Residents flee as strengthening hurricane closes in on northern Florida
Hurricane Michael is approaching from the Gulf of Mexico.
About 120,000 people along the Florida Panhandle have been ordered to clear out as Hurricane Michael picks up steam in the Gulf of Mexico and closes in with winds of 110mph and a potential storm surge of 12ft.
Beach dwellers rushed to board up their homes and sandbag their properties against the fast-moving hurricane, which is expected to blow ashore around noon on Wednesday.
The speed of the storm gave many people a dwindling number of hours to prepare or flee before being caught up in damaging wind and rain.
“Guess what? That’s today,” National Hurricane Centre director Ken Graham said. “If they tell you to leave, you have to leave.”
Michael is just below the strength of a Category 3 hurricane and is getting stronger, drawing energy from warm Gulf waters.
Florida governor Rick Scott also warned people across north-west Florida that the “monstrous hurricane” was hours away, bringing deadly risks from wind, storm surge and heavy rain.
His Democratic opponent in Florida’s Senate race, Bill Nelson, said a “wall of water” could cause major destruction along the Panhandle.
“Don’t think that you can ride this out if you’re in a low-lying area,” he said.
Water levels will rise well in advance of the arrival of #Michael. It's essential that residents within the storm surge warning area finish preparations to protect life and property today. pic.twitter.com/0Xz3nNkAnr— NHC_Surge (@NHC_Surge) October 9, 2018
Mandatory evacuation orders came into effect for 120,000 people in Panama City Beach and across other low-lying parts of the coast.
Forecasters said parts of Florida’s marshy, lightly populated Big Bend area — the crook of Florida’s elbow — could see up to 12ft of storm surge.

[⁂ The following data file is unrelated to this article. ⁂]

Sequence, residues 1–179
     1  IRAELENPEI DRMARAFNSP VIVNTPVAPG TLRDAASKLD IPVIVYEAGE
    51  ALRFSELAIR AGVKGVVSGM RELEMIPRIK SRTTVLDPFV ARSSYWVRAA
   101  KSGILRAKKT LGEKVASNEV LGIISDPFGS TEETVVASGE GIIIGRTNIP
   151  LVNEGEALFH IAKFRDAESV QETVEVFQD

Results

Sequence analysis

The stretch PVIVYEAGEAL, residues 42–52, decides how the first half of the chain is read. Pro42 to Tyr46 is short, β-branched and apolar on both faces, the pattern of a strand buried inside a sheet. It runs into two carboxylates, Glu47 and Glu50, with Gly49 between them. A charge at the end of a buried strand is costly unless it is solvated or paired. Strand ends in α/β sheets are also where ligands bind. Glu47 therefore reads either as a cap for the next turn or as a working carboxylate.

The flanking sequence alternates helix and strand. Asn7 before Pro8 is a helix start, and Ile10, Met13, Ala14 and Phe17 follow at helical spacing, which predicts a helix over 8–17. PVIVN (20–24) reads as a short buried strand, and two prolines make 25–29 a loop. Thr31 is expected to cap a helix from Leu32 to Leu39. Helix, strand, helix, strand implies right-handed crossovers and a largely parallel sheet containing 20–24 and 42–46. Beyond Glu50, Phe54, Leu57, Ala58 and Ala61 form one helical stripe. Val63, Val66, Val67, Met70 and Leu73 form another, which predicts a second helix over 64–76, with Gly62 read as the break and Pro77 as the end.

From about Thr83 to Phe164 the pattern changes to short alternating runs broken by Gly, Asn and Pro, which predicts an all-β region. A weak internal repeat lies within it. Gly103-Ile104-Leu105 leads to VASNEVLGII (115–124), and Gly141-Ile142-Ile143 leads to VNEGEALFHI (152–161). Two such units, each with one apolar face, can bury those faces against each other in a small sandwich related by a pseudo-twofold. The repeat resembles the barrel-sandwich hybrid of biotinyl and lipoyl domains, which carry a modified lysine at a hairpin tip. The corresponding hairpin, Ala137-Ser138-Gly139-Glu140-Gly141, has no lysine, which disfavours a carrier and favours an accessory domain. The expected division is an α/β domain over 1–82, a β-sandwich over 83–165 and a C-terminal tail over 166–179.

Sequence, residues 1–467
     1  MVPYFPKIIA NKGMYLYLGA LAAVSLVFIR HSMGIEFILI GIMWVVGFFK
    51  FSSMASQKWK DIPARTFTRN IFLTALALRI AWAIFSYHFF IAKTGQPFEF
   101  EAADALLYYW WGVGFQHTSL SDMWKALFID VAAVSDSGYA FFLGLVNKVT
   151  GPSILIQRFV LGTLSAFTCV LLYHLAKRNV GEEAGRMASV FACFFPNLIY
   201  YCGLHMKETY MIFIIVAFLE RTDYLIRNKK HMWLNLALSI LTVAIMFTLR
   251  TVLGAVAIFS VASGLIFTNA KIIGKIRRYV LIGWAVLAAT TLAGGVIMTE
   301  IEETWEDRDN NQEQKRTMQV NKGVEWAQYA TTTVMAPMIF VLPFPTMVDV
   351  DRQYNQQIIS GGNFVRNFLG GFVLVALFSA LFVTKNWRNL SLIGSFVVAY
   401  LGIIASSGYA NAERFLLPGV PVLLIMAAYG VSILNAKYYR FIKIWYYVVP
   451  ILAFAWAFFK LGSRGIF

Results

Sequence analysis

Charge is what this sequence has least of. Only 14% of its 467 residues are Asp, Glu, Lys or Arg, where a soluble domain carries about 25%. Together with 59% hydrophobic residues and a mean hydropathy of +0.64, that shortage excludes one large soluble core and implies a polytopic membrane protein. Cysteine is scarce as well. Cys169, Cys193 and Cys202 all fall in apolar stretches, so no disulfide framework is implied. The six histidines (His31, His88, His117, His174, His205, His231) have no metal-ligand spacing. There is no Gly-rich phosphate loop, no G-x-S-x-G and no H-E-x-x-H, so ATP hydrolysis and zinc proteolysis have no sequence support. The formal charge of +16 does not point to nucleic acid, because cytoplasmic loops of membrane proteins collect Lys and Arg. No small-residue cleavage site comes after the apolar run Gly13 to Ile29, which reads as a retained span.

Michael could dump up to 1ft of rain over some Panhandle communities before it sweeps through the south east and goes out to sea over the next few days.
Forecasters said it could also bring 3in to 6in of rain to Georgia, the Carolinas and Virginia, triggering flash flooding in a corner of the country still recovering from Hurricane Florence.
“I know people are fatigued from Florence, but don’t let this storm catch you with your guard down,” North Carolina governor Roy Cooper said.
At the western end of the Florida Panhandle, Escambia County Sheriff David Morgan bluntly warned people: “If you decide to stay in your home and a tree falls on your house or the storm surge catches you and you’re now calling for help, there’s no one that can respond to help you.”
In Cuba, the storm dumped more than 10in of rain in places, flooding fields, damaging roads, knocking out power and destroying some homes in the western province of Pinar del Rio.
Cuban authorities said they evacuated about 400 people from low-lying areas.
Disaster agencies in El Salvador, Honduras and Nicaragua reported 13 deaths as roofs collapsed and residents were carried away by swollen rivers.
I understand that evacuations are inconvenient, but this storm will bring torrential rain and heavy wind, along with dangerous storm surge throughout the panhandle. If you have been told to leave, you need to go. It could be the difference between life & death.— Rick Scott (@FLGovScott) October 9, 2018
In Florida, Mr Scott declared a state of emergency for 35 counties, from the Panhandle to Tampa Bay, activated hundreds of Florida National Guard members and waived tolls to encourage evacuations.
The governors of Alabama and Georgia also declared emergencies.
Mr Scott also told Florida hospitals and nursing homes to do all they can to assure the safety of the elderly and infirm. After Hurricane Irma last year, 14 people died when a south Florida nursing home lost power and air conditioning.
“If you’re responsible for a patient, you’re responsible for the patient. Take care of them,” he said.